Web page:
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unix pipe

Feeling stupid, I am asking you...
Why this doesn't work:

$which some_file|file

? (in bash)
wednesday
Wednesday, January 04, 2006
 
 
Well, if the final 'file' is a filename you're trying to write, and not the name of an executable, you're trying to pipe data to something that has no STDIN to recieve it.

That's what ">" is for.
AllanL5
Wednesday, January 04, 2006
 
 
no, "file" as a command, to determine type of the file
wednesday
Wednesday, January 04, 2006
 
 
The 'file' command doesn't expect to get the file_spec string on STDIN, it expects it on the command line, no?

So you're trying to pipe the file_spec to a place 'file' is not looking for it.  Thus it's not going to work.
AllanL5
Wednesday, January 04, 2006
 
 
which some_file | xargs file
Matt.
Wednesday, January 04, 2006
 
 
I thought "which file_name" writes to STDOUT and the pipe pipes it in STDIN, or ... ?
wednesday
Wednesday, January 04, 2006
 
 
Yes, "which filename" does send its output to STDOUT.  The "|" symbol does pipe its STDOUT to the next command's STDIN.

The problem is, the 'next' command is 'file'.  'file' doesn't take its input from STDIN, it takes it from the command line.  So your series of commands breaks at that point.

You CAN have 'which filename' create a file with its results, then start up 'file -f listfile' to check the types of the filenames written to listfile.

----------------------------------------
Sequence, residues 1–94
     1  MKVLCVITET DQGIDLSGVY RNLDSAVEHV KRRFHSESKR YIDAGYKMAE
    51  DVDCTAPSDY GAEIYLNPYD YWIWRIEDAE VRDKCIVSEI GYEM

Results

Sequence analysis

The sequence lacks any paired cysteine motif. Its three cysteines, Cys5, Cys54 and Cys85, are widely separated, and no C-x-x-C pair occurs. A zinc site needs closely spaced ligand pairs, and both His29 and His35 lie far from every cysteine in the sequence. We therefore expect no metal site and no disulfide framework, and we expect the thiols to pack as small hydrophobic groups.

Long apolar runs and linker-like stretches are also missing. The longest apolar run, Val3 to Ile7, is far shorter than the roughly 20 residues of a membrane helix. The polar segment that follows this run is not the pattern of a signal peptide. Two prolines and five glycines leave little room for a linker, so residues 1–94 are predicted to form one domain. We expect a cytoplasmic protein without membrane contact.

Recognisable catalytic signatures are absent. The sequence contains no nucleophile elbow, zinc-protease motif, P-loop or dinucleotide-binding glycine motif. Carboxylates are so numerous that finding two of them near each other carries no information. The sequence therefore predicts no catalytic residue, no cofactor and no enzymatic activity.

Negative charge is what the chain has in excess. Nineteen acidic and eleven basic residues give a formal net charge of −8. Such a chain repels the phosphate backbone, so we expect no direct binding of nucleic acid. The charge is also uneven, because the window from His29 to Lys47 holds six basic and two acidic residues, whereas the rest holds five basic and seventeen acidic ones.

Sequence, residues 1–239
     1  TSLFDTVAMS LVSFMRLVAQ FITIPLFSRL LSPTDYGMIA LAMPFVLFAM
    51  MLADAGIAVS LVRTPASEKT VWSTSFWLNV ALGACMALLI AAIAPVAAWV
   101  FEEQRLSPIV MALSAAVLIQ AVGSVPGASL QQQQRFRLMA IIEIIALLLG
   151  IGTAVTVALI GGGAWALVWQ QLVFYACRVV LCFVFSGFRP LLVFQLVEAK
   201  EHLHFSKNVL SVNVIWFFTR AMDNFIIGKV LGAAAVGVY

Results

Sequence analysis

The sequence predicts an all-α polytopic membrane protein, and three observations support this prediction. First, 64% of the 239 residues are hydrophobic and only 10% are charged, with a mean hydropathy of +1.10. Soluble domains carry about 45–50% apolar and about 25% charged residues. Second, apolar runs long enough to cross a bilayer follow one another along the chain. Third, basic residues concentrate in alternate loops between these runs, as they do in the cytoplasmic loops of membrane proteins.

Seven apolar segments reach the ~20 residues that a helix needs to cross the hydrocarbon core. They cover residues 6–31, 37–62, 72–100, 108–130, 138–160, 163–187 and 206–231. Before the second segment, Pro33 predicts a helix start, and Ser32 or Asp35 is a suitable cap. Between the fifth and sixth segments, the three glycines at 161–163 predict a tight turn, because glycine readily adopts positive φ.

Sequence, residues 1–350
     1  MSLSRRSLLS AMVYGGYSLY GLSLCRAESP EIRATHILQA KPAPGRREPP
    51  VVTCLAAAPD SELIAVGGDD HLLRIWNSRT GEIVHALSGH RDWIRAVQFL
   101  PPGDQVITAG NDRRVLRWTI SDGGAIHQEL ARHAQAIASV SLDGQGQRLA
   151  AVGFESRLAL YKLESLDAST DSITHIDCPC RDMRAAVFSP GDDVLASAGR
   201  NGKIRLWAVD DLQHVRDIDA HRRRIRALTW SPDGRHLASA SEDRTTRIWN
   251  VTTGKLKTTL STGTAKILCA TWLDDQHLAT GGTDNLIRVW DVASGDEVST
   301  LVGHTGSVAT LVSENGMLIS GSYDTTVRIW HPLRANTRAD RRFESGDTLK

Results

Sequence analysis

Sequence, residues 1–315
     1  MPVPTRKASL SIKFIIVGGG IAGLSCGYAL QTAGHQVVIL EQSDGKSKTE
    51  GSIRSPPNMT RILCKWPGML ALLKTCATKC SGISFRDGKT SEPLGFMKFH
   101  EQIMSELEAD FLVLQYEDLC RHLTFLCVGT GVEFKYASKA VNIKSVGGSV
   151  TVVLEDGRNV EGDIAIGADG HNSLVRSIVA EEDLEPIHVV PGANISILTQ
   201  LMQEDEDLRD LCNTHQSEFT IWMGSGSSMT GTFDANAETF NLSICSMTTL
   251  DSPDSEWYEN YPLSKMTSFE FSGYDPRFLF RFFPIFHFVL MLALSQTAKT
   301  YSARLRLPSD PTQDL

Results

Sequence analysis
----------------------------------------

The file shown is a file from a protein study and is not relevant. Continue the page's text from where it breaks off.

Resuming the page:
AllanL5
Wednesday, January 04, 2006
 
 
Ooh, see matt's answer.  'xargs' purpose in life is apparently to convert STDIN stuff to command line stuff.  Neat.
AllanL5
Wednesday, January 04, 2006
 
 
Ok, thanx guys, got it.
wednesday
Wednesday, January 04, 2006
 
 
which some_executable  | file -f -
argon
Wednesday, January 04, 2006
 
 
Or use backquote, which just runs the command within and inserts it as text:

file `which somefile`
Dan Maas
Thursday, January 05, 2006
 
 
> 'xargs' purpose in life is apparently to convert STDIN stuff to command line stuff.

I found out about xargs earlier this year. Now I look back at all the silly stuff I did before to handle large groups of files and shake my head, all replaced with:

find [find's args] | xargs something [something's args]

Only time there is a problem is when you don't want multiple executions of "something" and you have a huge number of arguments to it.

Remember that xargs chops up the incoming argument list depending on your operating system's limits on command line length, and executes "something" once on each chunk.
dot for this one
Friday, January 06, 2006
 
 
An alternative to xargs:

In a Bourne shell or workalike (bash, ksh, but not [t]csh):

for i in `find . -name whatever ...`; do
  # anything you want
done

e.g. for the "file" example above:

for i in `find . -print`; do
  file $i
done
David Jones Send private email
Sunday, January 08, 2006
 
 
Or the slightly more esoteric

find somefile -print | while read line
do
    file $line
done

which avoids size limitations of backtics.

You can even pipe out -

find somefile -print | while read line
do
    file $line
done | grep "ASCII"
shell esoterica
Thursday, January 26, 2006
 
 

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